Wisconsin holds its recall vote Tuesday without any campaign appearances by President Obama. He apparently didn't want to risk damaging his brand in a potentially losing effort for Democrats.
After all, the outcome of the battle between Republican Gov. Scott Walker and his Democratic challenger, Milwaukee Mayor Tom Barrett, will be seen as a harbinger of the result in November’s presidential race. So shouldn’t Mr. Obama have wanted to defend his turf in person?
Not necessarily. Here’s why:
• The Wisconsin recall is in fact not a true microcosm of the November election. It is a special election, driven by local factors and personalities. The spark was Governor Walker’s move to cut collective bargaining rights for most public workers, but it has morphed into a rematch of the 2010 gubernatorial race.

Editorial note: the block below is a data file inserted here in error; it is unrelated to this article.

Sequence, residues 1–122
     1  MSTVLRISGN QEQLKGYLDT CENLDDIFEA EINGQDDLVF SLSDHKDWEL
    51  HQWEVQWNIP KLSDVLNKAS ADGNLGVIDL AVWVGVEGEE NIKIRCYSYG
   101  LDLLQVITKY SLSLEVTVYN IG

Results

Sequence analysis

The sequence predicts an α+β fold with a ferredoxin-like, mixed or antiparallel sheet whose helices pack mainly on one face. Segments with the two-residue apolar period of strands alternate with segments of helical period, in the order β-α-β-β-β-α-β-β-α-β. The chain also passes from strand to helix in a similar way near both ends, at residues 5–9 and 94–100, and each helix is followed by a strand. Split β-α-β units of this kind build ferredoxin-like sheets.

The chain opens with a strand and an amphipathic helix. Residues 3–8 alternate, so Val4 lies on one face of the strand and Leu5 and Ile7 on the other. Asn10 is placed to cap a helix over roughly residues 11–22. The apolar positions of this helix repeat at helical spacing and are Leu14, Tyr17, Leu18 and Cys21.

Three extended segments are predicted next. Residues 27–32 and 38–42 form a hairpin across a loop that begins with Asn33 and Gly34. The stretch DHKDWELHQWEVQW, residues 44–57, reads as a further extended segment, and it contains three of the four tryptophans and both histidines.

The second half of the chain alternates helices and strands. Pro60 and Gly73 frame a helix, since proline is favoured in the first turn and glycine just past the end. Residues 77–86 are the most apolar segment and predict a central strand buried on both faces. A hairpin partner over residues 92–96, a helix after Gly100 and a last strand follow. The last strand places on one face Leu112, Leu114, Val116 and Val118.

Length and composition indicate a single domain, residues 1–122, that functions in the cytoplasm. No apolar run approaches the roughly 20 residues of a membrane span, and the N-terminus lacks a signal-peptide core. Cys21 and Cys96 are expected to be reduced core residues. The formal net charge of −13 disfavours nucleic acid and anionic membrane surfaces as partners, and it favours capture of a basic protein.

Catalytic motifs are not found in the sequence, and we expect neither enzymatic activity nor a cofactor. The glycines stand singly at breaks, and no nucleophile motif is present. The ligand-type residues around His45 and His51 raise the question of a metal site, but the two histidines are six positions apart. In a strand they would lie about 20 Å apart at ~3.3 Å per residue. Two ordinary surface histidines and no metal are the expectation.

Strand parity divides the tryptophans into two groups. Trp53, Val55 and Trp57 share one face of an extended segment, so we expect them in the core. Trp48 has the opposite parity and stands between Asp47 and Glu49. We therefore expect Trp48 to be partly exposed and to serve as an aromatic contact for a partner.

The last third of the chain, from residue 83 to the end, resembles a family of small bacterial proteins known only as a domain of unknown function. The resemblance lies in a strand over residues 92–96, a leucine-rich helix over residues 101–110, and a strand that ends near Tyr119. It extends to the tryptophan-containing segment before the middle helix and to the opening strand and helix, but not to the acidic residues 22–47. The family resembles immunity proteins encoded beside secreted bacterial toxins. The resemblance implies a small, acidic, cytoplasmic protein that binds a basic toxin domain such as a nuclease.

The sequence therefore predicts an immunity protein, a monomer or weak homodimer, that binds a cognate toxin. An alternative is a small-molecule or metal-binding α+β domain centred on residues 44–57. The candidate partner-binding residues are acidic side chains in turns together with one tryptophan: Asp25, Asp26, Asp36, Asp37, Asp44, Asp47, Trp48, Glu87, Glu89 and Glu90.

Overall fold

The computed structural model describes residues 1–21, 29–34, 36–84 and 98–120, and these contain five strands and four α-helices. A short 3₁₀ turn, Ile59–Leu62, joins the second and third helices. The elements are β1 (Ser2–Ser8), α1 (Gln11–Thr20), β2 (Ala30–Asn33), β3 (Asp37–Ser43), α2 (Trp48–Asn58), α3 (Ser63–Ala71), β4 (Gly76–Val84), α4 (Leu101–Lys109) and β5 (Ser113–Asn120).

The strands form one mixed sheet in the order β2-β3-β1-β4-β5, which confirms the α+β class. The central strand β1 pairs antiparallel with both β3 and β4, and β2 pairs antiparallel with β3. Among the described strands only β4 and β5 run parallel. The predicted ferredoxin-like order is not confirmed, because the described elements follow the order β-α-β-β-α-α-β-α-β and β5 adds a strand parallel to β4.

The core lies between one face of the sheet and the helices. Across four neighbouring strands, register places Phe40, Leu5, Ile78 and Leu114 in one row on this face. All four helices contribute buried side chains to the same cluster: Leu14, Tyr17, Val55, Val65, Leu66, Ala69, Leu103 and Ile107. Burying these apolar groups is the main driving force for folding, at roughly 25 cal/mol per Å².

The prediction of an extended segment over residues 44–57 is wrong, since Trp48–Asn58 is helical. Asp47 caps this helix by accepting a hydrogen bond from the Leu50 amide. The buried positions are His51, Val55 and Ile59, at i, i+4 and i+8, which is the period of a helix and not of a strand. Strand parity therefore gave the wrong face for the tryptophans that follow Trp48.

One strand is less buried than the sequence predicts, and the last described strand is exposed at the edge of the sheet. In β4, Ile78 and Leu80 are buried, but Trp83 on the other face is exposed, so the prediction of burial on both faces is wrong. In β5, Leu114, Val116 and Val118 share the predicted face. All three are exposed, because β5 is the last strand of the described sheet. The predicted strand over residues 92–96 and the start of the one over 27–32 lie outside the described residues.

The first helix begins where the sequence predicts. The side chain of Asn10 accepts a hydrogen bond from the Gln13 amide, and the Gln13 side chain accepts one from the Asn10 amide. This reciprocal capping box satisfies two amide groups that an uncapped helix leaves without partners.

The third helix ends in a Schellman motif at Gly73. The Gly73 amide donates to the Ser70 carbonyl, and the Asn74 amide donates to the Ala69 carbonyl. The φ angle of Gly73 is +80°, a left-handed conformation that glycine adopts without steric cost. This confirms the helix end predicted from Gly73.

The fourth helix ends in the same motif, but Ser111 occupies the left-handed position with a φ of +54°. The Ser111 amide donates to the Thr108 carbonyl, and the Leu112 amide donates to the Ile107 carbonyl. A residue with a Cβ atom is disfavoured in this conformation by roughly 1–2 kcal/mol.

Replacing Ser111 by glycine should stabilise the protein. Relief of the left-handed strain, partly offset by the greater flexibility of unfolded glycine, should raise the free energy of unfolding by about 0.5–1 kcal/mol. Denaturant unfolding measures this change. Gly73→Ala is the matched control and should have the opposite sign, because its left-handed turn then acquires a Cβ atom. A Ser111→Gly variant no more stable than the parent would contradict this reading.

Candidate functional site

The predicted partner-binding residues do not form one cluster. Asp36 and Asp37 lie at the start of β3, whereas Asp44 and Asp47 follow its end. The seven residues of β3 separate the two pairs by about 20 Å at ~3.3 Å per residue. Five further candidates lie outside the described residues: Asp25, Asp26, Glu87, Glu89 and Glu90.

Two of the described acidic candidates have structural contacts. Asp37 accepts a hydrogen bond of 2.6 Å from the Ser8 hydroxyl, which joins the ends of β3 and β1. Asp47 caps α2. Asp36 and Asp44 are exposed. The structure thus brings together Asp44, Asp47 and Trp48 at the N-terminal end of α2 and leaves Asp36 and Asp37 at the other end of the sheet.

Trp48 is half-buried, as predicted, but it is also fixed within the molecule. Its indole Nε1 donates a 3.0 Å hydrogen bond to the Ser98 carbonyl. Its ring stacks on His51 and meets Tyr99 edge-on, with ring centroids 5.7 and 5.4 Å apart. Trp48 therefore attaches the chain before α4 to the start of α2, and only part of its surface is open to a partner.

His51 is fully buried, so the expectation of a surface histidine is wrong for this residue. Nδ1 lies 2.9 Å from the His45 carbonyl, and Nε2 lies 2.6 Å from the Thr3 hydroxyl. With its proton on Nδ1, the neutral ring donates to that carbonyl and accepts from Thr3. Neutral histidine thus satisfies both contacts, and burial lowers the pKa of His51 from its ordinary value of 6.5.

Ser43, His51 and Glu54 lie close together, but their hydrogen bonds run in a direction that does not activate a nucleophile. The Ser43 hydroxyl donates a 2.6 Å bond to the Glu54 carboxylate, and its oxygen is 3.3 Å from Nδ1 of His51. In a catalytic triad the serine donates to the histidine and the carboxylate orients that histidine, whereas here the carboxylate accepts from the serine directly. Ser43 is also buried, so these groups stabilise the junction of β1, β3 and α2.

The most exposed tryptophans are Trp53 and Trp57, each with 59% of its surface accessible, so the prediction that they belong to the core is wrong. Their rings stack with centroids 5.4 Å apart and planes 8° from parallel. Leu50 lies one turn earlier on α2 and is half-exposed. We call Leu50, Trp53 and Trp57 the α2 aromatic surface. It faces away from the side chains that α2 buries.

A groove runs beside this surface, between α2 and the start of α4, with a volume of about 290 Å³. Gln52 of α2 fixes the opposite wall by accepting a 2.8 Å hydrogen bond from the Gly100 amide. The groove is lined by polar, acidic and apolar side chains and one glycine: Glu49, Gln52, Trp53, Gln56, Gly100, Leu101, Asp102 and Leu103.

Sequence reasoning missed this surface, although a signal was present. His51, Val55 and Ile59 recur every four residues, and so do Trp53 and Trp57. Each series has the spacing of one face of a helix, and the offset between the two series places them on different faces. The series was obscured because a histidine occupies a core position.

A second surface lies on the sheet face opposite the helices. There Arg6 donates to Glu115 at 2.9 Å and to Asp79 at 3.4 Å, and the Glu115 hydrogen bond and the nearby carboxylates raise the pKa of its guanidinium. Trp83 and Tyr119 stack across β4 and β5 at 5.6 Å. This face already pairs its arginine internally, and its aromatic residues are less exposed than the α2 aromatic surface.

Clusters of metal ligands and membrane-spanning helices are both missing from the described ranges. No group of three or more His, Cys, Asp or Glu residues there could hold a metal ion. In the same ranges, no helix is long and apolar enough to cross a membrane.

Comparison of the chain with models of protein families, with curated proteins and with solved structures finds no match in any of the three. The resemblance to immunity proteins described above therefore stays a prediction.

• The recall election has become highly polarized. Given Wisconsin’s status as a battleground state in presidential politics, Obama can ill afford to alienate the critical independent vote.
• Walker has led in the polls all along, albeit not by a wide margin. If Obama chose to campaign in Wisconsin in person, that would raise the stakes for him personally in a race that is already an uphill battle. Team Obama’s calculation appears to be that there’s less upside than downside to his jumping in.